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|Title:||Combining centralised and distributed testing|
|Keywords:||Centralised testing;Distributed testing;Model-based testing;Processor architectures|
|Publisher:||Association for Computing Machinery|
|Citation:||ACM Transactions on Software Engineering and Methodology, 24(1): 5, (September 2014)|
|Abstract:||Many systems interact with their environment at distributed interfaces (ports) and sometimes it is not possible to place synchronised local testers at the ports of the system under test (SUT). There are then two main approaches to testing: having independent local testers or a single centralised tester that interacts asynchronously with the SUT. The power of using independent testers has been captured using implementation relation $\dioco$. In this paper we define implementation relation $\diococ$ for the centralised approach and prove that $\dioco$ and $\diococ$ are incomparable. This shows that the frameworks detect different types of faults and so we devise a hybrid framework and define an implementation relation $\diocos$ for this. We prove that the hybrid framework is more powerful than the distributed and centralised approaches. We then prove that the Oracle problem is NP-complete for $\diococ$ and $\diocos$ but can be solved in polynomial time if we place an upper bound on the number of ports. Finally, we consider the problem of deciding whether there is a test case that is guaranteed to force a finite state model into a particular state or to distinguish two states, proving that both problems are undecidable for the centralised and hybrid frameworks.|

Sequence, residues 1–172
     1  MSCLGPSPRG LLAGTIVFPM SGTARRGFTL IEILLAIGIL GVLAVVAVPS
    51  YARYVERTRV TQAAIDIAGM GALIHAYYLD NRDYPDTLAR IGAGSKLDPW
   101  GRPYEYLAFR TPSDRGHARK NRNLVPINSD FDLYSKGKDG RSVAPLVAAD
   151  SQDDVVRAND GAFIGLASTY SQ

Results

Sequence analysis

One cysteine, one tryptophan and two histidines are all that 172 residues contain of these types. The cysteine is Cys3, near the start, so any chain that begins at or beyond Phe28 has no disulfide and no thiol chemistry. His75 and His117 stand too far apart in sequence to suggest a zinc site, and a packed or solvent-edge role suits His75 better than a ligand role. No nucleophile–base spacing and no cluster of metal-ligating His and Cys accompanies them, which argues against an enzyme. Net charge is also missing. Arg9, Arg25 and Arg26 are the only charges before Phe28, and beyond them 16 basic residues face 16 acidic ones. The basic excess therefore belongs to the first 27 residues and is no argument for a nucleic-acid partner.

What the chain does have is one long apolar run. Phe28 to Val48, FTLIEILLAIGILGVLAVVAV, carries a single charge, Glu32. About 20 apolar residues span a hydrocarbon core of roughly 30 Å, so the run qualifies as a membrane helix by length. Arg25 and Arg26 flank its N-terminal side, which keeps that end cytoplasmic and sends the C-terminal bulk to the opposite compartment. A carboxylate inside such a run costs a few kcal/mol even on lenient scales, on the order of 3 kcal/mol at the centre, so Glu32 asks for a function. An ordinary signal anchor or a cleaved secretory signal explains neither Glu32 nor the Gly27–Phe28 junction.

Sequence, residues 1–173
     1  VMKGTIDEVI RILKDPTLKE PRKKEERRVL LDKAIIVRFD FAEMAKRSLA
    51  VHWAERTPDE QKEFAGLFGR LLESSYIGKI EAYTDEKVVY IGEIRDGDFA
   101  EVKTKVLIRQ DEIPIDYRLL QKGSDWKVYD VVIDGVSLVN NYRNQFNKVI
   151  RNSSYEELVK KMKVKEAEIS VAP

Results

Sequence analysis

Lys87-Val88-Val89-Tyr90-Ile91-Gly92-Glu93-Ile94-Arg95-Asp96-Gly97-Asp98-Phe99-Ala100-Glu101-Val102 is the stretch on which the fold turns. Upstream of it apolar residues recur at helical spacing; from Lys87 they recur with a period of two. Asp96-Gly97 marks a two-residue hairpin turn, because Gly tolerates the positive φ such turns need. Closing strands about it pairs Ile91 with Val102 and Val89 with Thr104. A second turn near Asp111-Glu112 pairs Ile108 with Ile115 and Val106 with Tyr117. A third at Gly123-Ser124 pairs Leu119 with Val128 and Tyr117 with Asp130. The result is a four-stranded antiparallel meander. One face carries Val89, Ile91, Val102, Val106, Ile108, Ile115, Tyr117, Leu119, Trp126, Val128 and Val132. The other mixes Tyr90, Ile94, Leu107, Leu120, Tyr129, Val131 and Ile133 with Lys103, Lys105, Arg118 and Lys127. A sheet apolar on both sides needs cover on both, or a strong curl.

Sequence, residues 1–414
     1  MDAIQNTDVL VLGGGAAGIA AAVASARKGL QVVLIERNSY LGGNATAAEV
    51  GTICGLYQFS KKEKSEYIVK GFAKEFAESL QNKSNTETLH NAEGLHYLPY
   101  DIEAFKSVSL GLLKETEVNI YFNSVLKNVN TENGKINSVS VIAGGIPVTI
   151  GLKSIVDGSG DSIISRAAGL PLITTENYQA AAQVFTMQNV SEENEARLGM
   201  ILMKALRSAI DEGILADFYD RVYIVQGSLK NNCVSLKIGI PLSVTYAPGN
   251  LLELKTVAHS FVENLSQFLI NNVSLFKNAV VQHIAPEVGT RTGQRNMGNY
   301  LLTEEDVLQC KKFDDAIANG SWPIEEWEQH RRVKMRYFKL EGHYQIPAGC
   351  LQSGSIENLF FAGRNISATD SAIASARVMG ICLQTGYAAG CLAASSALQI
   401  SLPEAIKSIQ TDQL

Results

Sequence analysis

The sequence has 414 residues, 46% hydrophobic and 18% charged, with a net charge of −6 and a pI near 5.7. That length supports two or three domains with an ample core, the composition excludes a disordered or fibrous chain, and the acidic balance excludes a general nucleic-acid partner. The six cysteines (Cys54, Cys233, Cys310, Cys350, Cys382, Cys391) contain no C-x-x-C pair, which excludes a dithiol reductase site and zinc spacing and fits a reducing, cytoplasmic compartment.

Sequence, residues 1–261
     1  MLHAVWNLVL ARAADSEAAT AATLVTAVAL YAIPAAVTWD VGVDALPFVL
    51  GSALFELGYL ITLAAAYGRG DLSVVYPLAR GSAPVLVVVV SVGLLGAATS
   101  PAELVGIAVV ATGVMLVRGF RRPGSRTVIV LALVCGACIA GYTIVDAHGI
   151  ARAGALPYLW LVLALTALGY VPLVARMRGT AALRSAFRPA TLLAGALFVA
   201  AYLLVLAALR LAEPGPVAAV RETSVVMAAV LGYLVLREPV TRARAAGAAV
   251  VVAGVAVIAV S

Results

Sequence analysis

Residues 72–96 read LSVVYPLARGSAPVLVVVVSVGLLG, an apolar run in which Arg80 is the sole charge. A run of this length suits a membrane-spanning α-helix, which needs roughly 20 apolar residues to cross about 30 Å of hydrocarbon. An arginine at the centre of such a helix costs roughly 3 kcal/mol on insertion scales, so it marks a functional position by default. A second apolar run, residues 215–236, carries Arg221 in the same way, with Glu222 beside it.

|Appears in Collections:||Dept of Computer Science Research Papers|
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